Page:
26 October 2016
HSBC has been restructuring its business in recent years while slowing expansion in the US and Latin America. Photo: Internet
HSBC has been restructuring its business in recent years while slowing expansion in the US and Latin America. Photo: Internet

Here’s why global banks are shifting their focus to core regions

HSBC Holdings Plc. (00005.HK) has announced 10.4 percent growth in interim net profit, within the top end of market expectations.

The British lender has been restructuring its business in recent years while slowing expansion in the US and Latin America.

Its switch to Asia rewarded it with a 69 percent contribution by the region to its earnings.

Hong Kong is its biggest profit center. The whole Europe contributed just 16 percent of profit.

Which is why the bank decided to sell its Brazil unit and redeploy half of its resources to Asia and other high-growth regions.

That shows its global expansion is merely a fantasy. Asia, in particular Hong Kong, is the best place to be after all.

Take Jardine Matheson Holdings and Hong Kong Land Holdings.

After they moved to Bermuda and listed in Singapore, they have seen little trading volume compared with their peak in Hong Kong.

By contrast, Swire Properties, which used to lag behind Jardine Matheson before 1997, has surpassed the latter in both reputation and business in Hong Kong and mainland China.

This reflects the significance of Hong Kong for these British companies.

HSBC put down roots in Shanghai and Hong Kong before expanding its footprint worldwide.

Asia pullback

Another British bank, Barclays, welcomed a new chairman, John McFarlane, in May.

McFarlane’s vision for the bank triggered the departure of chief executive Antony Jenkins.

McFarlane believes the bank should no longer act as a global bank after the financial crisis. Instead, it should focus on Britain, the US and Africa.

And the bank should also reduce its presence in Asia and the Middle East to cut costs.

McFarlane wants Barclays’ investment banking business withdrawn from countries where it has no clear edge.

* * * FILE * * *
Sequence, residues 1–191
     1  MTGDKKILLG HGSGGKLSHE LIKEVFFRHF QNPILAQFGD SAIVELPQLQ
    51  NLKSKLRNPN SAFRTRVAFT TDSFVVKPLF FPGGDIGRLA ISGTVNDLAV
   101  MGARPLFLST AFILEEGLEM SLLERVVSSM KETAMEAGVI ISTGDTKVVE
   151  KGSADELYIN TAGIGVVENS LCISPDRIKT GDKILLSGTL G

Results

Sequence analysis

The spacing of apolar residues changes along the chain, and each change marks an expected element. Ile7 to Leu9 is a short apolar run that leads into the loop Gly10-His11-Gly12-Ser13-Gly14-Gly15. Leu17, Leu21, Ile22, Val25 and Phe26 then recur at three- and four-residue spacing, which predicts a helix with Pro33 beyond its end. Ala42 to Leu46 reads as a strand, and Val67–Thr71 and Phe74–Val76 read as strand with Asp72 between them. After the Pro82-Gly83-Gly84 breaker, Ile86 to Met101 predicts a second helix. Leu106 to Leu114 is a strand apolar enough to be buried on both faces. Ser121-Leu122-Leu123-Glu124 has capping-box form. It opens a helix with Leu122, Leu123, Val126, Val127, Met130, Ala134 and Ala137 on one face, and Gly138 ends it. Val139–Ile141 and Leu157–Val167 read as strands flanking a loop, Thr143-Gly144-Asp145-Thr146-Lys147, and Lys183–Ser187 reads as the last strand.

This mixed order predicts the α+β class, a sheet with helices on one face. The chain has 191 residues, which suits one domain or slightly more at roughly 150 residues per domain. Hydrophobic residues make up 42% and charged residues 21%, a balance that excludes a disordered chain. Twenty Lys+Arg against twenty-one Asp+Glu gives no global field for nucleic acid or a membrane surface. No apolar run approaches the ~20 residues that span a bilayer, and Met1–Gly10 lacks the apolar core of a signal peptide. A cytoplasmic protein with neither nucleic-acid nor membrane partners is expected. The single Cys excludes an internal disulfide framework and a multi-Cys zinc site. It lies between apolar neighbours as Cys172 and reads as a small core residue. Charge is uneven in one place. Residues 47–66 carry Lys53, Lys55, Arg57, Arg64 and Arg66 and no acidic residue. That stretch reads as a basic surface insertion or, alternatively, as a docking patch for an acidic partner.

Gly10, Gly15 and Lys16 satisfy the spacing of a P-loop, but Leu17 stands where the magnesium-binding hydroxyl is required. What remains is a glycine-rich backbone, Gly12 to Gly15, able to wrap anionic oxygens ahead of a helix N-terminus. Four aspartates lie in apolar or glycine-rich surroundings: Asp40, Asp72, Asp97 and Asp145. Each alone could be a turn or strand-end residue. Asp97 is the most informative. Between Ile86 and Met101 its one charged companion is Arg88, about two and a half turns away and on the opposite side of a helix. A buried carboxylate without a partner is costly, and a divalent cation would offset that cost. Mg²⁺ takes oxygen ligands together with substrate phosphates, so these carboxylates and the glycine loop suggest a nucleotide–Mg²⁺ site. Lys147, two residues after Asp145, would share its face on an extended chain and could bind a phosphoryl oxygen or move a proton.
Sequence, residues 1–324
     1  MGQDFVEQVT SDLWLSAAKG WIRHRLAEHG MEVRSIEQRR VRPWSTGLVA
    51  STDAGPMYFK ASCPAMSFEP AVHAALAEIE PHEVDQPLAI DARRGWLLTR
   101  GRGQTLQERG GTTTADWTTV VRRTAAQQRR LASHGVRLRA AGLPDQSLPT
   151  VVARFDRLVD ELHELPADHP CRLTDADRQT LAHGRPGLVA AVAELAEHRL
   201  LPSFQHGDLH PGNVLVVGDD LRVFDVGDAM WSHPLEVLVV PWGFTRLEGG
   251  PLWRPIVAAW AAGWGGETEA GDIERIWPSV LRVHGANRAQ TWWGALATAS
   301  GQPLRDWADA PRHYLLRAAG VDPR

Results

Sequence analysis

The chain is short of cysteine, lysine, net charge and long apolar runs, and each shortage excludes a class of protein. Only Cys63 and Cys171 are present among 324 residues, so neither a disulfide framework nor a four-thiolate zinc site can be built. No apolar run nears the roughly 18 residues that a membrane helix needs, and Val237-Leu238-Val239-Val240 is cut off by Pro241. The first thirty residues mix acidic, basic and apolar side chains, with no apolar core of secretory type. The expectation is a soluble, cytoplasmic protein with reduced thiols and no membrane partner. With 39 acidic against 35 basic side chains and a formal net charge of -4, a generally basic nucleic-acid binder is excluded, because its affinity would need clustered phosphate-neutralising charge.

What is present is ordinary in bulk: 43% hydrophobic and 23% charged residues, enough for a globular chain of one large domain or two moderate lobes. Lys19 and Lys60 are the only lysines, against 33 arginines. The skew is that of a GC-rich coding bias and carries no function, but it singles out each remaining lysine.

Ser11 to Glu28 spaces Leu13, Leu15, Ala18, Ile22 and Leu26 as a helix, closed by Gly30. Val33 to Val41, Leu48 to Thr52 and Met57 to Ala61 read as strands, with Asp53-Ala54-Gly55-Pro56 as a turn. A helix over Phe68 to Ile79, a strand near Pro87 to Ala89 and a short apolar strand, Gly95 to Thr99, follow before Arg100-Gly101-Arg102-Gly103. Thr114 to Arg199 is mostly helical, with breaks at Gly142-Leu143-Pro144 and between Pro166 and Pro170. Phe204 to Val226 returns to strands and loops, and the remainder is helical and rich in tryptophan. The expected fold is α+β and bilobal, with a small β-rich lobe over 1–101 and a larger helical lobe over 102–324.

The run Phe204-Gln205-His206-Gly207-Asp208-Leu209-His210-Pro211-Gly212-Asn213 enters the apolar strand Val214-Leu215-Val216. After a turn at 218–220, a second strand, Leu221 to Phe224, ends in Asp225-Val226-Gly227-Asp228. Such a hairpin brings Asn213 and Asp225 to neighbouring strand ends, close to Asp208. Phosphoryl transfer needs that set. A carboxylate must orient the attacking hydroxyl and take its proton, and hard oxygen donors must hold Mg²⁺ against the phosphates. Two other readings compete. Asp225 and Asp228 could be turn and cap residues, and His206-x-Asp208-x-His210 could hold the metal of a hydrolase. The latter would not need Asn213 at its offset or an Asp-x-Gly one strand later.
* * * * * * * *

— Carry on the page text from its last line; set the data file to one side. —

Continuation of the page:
The bank’s return on equity is about 5.9 percent, far below its 10.5 percent cost of equity.

McFarlane is ramping up profit growth, cutting or selling non-core assets as well as winding down risk weighted assets from 57 billion pounds to 20 billion pounds by 2017.

Similarly, HSBC has disposed of its Brazil business and slashed its RWA to focus on high-growth core activities to create more value for shareholders.

Return on financial assets has now exceeded growth in the real economy after the financial crisis.

Financial assets such as stocks, bonds, foreign exchange and property have been inflated as a result of central bank intervention.

But real economic growth continues to disappoint.


GIC, Singapore’s sovereign wealth fund, has set an annual investment return target of 4.9 percent for its massive US$300 billion portfolio.

The world’s largest sovereign wealth fund has realized 6.1 percent annual return.

The fund has 50 percent of its assets in stocks, 30 percent in bonds and cash and the remaining 20 percent in property, start-ups, inflation-linked bonds etc.

It boosted its Asian investments to 30 percent of its portfolio from 27 percent while slashing its Europe investments to 25 percent from 29 percent.

Beijing’s market rescue measures have had little impact on GIC’s investment decisions.

North Asia accounts for 15 percent of its portfolio while Japan represents 10 percent.

GIC believes the Chinese government is determined to press on with reform which will not be thwarted by any short-term disruptions.

This article appeared in the Hong Kong Economic Journal on August 6.

Translation by Julie Zhu

[Chinese version中文版]

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Founder and Managing Director of Pegasus Fund Managers Ltd.

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